Welcome to the future - it's broken. Cronenberg helpfully defines mediocrity for us.
Since Sony busted open the demographic with the Playstation, gaming seems to have moved far closer to mainstream entertainment. Most attempts of translating games to the big screen have fallen somewhere between disappointing and utter rubbish, so perhaps a better idea was to create an entirely new game to base a film around. David Cronenberg's irritatingly spelt eXistenZ sets itself in the near future where the virtual reality dream that's been kicking around for the last decade or so has final been realised, a game that is so realistic it might as well be real.
The film opens at a pre-release trial of the world's greatest game designer Allegra Geller's new game, eXistenZ from Antenna Research. It promises to be wholly revolutionary, a spiffy new entertainment experience. The trial involves everyone 'porting' into the 'meta-flesh' 'game-pods'. If you're a fan of poorly defined technobabble, this is the movie for you. The test is cut short by a failed assassination attempt with an unusual looking gun, later revealed to be built of bone firing a tooth projectile through some unspecified means.
Allegra (Jennifer Jason Leigh) and Antenna's marketing trainee Ted Pikul(Jude Law) go into hiding in a world terribly similar to our own, yet odd enough to be a touch more interesting. Strange mutant creatures populate this mildly interesting land, and it's shot in a mildly interesting way. This I can only assume to be another of Cronenberg's attempts to tone down his penchant for the bizarre to achieve the mass market success of The Fly after the widely reviled tabloid-baiting Crash. The results are fairly conventional and never achieve the giddy highs (or lows, for that matter) that we have seen from him, and it seems to apply over the board. Jennifer Jason Leigh and Jude Law turn in largely by rote performances, giving little reason to care about them. Howard Shore's scoring is more worthy of remark, although not his finest. This theme recurs over every area of the film, competent but generally unremarkable.
The film takes on a little more pace once Allegra convinces Ted to have a gameport installed in his spine, so he can experience this new gaming sensation. Allegra is desperate to go in the game world to find out if the game is still functioning properly after the shocks it has taken, and it would appear to be, sort of. In the game they enter another game, which sadly for them seems to continue the theme of everyone vs. them, with yet more assassination attempts as they try to figure out what's happening. They never really find a suitable explanation, and hence neither do we, leaving me with a vague sense of dissatisfaction about the whole thing.
On first viewing the ending provides an interesting twist, and left me immediately thinking 'that was pretty good', or thoughts to that effect. It certainly explains away a few of the seeming inconsistencies in the movie, allowing you to do the usual 'kicking yourself for not noticing' procedure on re-watching it. However, if you make the critical error of stopping to think about any of it, you will realise that the twist entirely violates the internal logic of the film, making the actions of some of the characters harder, or perhaps impossible to explain. Let's just say the game's rules and character motivations seem entirely out of whack and move on.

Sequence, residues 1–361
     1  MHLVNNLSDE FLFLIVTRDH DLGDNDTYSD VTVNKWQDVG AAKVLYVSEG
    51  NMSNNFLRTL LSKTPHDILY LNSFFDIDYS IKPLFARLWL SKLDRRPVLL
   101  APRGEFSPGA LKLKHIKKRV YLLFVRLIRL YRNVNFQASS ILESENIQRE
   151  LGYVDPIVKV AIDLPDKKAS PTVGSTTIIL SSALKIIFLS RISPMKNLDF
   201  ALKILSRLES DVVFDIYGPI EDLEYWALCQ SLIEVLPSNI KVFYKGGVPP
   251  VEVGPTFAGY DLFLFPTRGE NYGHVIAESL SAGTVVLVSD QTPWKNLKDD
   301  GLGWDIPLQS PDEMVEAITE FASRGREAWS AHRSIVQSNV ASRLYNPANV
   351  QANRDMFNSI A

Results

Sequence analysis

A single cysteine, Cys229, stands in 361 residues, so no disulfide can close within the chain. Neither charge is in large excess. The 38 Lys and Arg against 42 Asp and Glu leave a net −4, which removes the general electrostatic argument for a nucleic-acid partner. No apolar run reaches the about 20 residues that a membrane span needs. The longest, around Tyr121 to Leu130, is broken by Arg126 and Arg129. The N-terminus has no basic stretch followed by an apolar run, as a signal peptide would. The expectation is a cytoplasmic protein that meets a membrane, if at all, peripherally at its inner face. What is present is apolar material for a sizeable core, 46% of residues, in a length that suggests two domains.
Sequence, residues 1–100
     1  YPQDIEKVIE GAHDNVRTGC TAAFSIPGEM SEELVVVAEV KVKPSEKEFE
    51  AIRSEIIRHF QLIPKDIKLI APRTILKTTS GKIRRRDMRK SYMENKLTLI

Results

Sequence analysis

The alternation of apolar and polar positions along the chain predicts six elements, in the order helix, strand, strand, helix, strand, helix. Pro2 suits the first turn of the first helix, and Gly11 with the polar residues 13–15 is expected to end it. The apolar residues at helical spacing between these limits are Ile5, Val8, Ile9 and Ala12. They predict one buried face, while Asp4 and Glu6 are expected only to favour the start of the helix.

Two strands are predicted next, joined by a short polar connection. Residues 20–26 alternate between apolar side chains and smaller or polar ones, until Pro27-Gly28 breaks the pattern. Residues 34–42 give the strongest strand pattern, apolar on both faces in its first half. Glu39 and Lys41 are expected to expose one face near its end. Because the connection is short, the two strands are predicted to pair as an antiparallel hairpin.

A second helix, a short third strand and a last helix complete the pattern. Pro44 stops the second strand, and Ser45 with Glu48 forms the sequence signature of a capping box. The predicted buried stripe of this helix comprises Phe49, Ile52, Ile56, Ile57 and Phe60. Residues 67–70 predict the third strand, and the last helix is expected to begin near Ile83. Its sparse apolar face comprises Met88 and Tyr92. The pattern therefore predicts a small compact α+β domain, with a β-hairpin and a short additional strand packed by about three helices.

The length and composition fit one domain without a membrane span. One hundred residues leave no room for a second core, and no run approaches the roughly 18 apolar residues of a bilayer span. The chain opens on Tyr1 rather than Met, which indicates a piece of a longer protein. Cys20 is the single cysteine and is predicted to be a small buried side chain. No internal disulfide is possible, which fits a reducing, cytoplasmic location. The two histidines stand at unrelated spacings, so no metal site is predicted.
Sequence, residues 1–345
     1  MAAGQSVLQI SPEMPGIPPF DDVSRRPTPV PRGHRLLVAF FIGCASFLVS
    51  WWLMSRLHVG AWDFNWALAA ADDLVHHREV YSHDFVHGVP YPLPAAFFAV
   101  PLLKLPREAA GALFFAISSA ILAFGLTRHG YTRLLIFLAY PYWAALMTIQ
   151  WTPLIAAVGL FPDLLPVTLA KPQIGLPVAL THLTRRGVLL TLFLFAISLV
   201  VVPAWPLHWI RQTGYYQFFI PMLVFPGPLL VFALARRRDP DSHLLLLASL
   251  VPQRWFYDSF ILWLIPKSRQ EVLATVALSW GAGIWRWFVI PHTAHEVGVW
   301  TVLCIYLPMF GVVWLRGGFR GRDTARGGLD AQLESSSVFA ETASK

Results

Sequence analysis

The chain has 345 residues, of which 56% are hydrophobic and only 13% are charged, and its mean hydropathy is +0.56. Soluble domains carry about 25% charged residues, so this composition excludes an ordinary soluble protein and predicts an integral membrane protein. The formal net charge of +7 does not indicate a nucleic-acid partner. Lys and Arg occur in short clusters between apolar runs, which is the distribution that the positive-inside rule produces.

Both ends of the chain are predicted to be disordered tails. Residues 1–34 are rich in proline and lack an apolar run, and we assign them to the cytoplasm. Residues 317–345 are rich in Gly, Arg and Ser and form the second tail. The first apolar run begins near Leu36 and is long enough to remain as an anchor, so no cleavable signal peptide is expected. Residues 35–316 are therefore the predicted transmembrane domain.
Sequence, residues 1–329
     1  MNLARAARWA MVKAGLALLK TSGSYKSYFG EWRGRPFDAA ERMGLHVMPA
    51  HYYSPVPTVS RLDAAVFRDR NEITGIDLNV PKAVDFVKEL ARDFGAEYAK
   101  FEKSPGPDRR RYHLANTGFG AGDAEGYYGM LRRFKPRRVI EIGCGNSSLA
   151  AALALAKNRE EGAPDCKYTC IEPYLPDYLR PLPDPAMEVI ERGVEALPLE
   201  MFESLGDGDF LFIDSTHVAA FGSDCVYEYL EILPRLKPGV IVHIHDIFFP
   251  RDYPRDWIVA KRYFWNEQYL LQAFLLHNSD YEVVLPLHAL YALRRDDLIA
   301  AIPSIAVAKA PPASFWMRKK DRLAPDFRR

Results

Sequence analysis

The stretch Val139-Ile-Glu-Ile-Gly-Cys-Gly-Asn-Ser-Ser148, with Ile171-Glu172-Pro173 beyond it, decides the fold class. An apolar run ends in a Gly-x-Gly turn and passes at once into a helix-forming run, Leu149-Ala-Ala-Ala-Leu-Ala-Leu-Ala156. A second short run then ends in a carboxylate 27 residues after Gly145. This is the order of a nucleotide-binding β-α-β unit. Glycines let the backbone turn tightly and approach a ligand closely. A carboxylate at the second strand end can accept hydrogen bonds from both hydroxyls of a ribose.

Most acclaim for this movie falls back on the standard sci-fi get out clause of 'It's all good rollicking fun as long as you don't make any attempt to think about it'. I've seen this applied to too many sci-fi films for too long now and I'm refusing to put up with it any more. Science fiction as a genre seems to suffer a higher proportion of poorly thought out plot devices, constructs and plain appalling writing than almost anything else, yet maintains an aura of purporting to be deeper than it actually is. This pretentiousness is not evident in other genres that know that they are nothing more than pop-corn fests, such as your Arnie-like blockbuster or slasher film, so it becomes substantially more irritating when sci-fi flops around pretending to be works of art while having plot holes you could fly a Star Destroyer through.
This sounds like I'm coming down overly hard on this particular movie for the generalised faults of a genre, and eXistenZ is not the greatest offender I've witnessed. Yet the faults are still there, and they're still annoying. When considered along with the sub-par performances by Law and Leigh (predictably acted off the screen by a great supporting cast, Dafoe, Holm, Eccleston and McKellar make far more of their roles than the vanishingly small amount of screen-time devoted to them seems possible). The set design is unremarkable, the gamepods look ridiculous and Cronenberg's continual attempts at shoehorning crude sexual imagery into every film descends into the realms of self-parody in places.
Despite its flaws, it isn't boring, which to my mind is the worst criticism that can be leveled at a movie. However it does fall victim to suffering an almost equally upsetting trait, and on not generally associated with Cronenberg - a lack of vision. Why create a world largely similar to our own with a few incongruous oddities rather than a fully developed alternative-yet-grounded-in-familiarity world such as 2001 or even Solaris? Easier said than done, sure, but Cronenberg has proven time and time again he's capable of it. Films such as The Fly, Videodrome and Scanners remain far better examples of Sci-Fi, and far better examples of Cronenberg's work.
Were I in the business of passing quantifiable judgements, I'd award this 2/5 TippyMarks.
Jude Law (Ted Pikul)
Ian Holm (Kiri Vinokur)
Willem Dafoe (Gas)
Don McKellar (Yevgeny Nourish)
Christopher Eccleston (Seminar Leader)